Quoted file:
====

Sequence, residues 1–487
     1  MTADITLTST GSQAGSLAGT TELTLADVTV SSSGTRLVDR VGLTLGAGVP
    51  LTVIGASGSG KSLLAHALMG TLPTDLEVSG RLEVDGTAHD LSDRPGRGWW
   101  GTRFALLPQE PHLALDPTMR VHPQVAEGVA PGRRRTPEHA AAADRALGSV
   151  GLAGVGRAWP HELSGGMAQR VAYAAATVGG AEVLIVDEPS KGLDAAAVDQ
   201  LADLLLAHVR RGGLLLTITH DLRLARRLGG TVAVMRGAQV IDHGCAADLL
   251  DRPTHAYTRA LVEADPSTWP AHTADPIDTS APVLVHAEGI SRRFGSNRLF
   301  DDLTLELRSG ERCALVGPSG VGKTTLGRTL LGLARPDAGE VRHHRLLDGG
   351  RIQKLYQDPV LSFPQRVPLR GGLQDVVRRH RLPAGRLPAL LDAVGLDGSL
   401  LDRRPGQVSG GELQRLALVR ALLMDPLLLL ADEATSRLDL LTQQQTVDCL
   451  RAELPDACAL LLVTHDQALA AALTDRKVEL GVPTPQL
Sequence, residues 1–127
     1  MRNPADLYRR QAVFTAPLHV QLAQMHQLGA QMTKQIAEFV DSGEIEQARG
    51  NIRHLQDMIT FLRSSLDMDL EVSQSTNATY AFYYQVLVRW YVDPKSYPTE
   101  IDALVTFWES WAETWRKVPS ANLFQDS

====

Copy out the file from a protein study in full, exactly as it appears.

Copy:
Sequence, residues 1–487
     1  MTADITLTST GSQAGSLAGT TELTLADVTV SSSGTRLVDR VGLTLGAGVP
    51  LTVIGASGSG KSLLAHALMG TLPTDLEVSG RLEVDGTAHD LSDRPGRGWW
   101  GTRFALLPQE PHLALDPTMR VHPQVAEGVA PGRRRTPEHA AAADRALGSV
   151  GLAGVGRAWP HELSGGMAQR VAYAAATVGG AEVLIVDEPS KGLDAAAVDQ
   201  LADLLLAHVR RGGLLLTITH DLRLARRLGG TVAVMRGAQV IDHGCAADLL
   251  DRPTHAYTRA LVEADPSTWP AHTADPIDTS APVLVHAEGI SRRFGSNRLF
   301  DDLTLELRSG ERCALVGPSG VGKTTLGRTL LGLARPDAGE VRHHRLLDGG
   351  RIQKLYQDPV LSFPQRVPLR GGLQDVVRRH RLPAGRLPAL LDAVGLDGSL
   401  LDRRPGQVSG GELQRLALVR ALLMDPLLLL ADEATSRLDL LTQQQTVDCL
   451  RAELPDACAL LLVTHDQALA AALTDRKVEL GVPTPQL
Sequence, residues 1–127
     1  MRNPADLYRR QAVFTAPLHV QLAQMHQLGA QMTKQIAEFV DSGEIEQARG
    51  NIRHLQDMIT FLRSSLDMDL EVSQSTNATY AFYYQVLVRW YVDPKSYPTE
   101  IDALVTFWES WAETWRKVPS ANLFQDS